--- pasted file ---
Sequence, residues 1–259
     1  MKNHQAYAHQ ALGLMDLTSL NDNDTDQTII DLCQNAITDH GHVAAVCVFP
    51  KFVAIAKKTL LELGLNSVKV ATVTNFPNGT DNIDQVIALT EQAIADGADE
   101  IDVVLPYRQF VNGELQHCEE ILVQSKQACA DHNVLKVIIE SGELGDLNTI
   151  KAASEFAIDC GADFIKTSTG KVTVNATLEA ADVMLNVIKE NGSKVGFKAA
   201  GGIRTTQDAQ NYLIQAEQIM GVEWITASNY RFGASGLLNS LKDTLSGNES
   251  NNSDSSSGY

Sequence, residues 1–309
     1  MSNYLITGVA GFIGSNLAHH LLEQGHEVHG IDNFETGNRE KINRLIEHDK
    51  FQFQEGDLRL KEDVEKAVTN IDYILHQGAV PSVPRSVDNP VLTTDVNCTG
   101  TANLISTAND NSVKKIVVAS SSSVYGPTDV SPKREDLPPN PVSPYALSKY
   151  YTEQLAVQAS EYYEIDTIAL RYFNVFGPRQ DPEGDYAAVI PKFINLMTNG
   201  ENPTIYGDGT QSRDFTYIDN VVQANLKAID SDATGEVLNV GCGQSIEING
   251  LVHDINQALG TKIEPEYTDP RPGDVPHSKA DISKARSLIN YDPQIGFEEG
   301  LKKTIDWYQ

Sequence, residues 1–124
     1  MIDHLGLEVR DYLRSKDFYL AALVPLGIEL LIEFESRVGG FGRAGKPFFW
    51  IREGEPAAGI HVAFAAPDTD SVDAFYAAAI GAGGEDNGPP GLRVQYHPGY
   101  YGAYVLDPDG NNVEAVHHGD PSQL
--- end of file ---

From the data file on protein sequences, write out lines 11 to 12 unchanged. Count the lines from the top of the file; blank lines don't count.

   101  TANLISTAND NSVKKIVVAS SSSVYGPTDV SPKREDLPPN PVSPYALSKY
   151  YTEQLAVQAS EYYEIDTIAL RYFNVFGPRQ DPEGDYAAVI PKFINLMTNG